Question: It’s hard for one to get bigger when their strength is the limiting factor. Eric Cressey once used an analogy of a cup with water in it. The water inside is your size, speed, endurance etc. but eventually the cup gets full and the only thing you can do to really progress is to increase the size of the glass – maximal strength.
However, I don’t think it would be a good idea (would it?) for a bodybuilder to start doing a powerlifter’s routine which focuses on just moving a weight from point A to point B.
So, my question is, how do you recommend a bodybuilder get stronger?
Answer: Yes and no. How’s that for a useless answer? Ok, let me make it less useless.
First off, I want to make the point that the primary stimulus for muscle growth is progressive tension overload; that is, you must subject a muscle to progressive overload (primarily in the form) of lifting more weight over time. This is discussed in more detail in Reps Per Set for Optimal Growth.
Other factors such as volume/fatigue/work (and frequency) are clearly important but, simply, if you’re not getting stronger (and here I’m assuming that you’re not changing your form to handle more weight) over time, along with providing sufficient calories and building blocks, you’re not growing.
Quick note: this doesn’t mean you have to add weight at every workout which is the HIT fallacy. Depending on your level of development, you might add weight every workout, you might stay at a given weight for 2-3 workouts or it might be 2-3 weeks before you can add weight in good form. But, if over some reasonable time frame, your training weights aren’t increasing, you won’t be growing. We’ve all seen guys handling the same weight for 6-12 months in the gym; that doesn’t get it done.
In this vein, it’s sort of interesting that you mention powerlifters. I have often found it somewhat ironic (and amusing to boot) that the bodybuilders are the ones who are focusing all of their efforts on muscle growth; yet it’s the powerlifters who are the ones who are getting muscularly bigger (and yes, a little fatter).
A lot of this has to do with where a lot of bodybuilders put their focus which is too frequently on the wrong stuff. Bodybuilders often get fixated on irrelevant stuff, the pump, how exhausted they are after their 20 sets for biceps, feel, etc. They focus on everything but what matters: getting stronger and subjecting a muscle to progressive tension overload.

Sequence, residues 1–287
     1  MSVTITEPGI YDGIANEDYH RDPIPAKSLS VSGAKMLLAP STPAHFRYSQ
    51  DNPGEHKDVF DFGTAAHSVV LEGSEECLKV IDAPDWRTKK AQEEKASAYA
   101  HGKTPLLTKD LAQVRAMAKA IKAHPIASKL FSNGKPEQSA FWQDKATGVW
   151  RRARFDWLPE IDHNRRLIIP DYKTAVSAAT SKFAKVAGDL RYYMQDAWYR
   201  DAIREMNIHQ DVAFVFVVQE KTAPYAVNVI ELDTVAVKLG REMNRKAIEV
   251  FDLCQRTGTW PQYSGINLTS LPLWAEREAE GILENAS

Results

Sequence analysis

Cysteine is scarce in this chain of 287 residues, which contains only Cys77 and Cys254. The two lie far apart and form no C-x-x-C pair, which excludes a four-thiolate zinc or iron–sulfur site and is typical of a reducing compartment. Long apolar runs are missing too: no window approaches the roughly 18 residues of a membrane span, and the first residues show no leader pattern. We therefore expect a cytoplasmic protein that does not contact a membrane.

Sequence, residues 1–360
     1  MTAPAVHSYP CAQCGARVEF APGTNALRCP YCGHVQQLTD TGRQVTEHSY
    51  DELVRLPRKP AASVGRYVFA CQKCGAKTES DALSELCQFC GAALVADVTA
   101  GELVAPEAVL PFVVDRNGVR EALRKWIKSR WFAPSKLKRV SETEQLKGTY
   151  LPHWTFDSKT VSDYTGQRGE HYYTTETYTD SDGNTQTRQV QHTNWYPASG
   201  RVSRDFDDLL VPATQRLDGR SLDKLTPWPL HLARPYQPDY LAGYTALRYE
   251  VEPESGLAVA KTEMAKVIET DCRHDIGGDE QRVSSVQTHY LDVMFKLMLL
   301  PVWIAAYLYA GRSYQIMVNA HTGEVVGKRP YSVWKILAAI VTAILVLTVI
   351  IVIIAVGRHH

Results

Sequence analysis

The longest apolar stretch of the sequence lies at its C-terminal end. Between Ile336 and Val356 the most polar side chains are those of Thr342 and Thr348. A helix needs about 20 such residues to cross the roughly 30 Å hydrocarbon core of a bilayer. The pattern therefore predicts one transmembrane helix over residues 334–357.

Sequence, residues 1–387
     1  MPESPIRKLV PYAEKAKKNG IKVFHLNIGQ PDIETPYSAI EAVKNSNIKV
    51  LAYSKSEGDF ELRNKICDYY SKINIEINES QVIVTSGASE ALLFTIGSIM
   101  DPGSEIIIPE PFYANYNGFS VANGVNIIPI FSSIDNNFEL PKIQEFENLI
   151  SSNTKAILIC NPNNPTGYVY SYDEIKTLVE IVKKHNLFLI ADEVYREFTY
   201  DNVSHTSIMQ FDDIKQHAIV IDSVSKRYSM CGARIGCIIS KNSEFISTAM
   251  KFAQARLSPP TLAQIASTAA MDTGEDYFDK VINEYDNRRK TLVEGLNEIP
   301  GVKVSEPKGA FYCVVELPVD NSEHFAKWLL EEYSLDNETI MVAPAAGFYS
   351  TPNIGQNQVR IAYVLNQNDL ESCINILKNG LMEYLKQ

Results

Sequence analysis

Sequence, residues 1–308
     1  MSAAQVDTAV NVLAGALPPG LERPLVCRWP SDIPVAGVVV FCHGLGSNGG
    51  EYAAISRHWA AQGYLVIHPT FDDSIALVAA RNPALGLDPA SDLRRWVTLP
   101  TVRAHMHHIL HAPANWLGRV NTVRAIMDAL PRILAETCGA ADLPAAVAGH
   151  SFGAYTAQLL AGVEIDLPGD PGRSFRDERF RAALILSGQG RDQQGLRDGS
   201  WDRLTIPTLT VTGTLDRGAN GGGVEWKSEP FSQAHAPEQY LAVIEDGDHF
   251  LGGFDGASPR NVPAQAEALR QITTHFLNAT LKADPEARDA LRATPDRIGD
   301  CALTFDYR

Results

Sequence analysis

In contrast, the basis of powerlifting is adding more weight to the bar over time, it’s built in to the sport and is the explicit goal of the training. So whereas you might see a bodybuilder handling the same weights (but focusing on that feel, getting that pump and walking out of the gym destroyed) for a year, any powerlifter doing that will change his training program so that he’s getting stronger and adding weight to the bar.
Quick tangential note: a lot of the reason that natural bodybuilders are so misled is that massive drug use among pro bodybuilders makes the training less important. All of the feel, pump, squeeze bs came out of drug fueled bodybuilding. I’ve seen enormous male bodybuilders handling weights that were lower than my female trainees were using, the drugs make up for it. A specific case that jumps to mind was a 150 lb. female trainee of mine who was handling 120X8-10 for strict reps on the rear lateral machine. The 280 lb. behemoth bodybuilder in the gym only used 70 lbs on it. As you might imagine, his shoulders were a bit bigger.
Now, another aspect of the bodybuilding vs. powerlifting issue is food intake; bodybuilders are often so obsessed with staying super lean year round that they simply won’t eat enough. And they don’t grow. As I described in General Philosophies of Muscle Gain, I think natural bodybuilders will generally grow best by allowing a slight fat gain and interspersing that with short dieting cycles to strip the fat off while keeping the muscle.
So that’s the basis for my comments: to grow, bodybuilders have to get stronger (and 99% of big natural bodybuilders will be damn strong). Does that mean that they should train like a power lifter? Not necessarily although there are some stories of powerlifters who dieted down to contest levels of leanness and could have blown bodybuilders out of the water.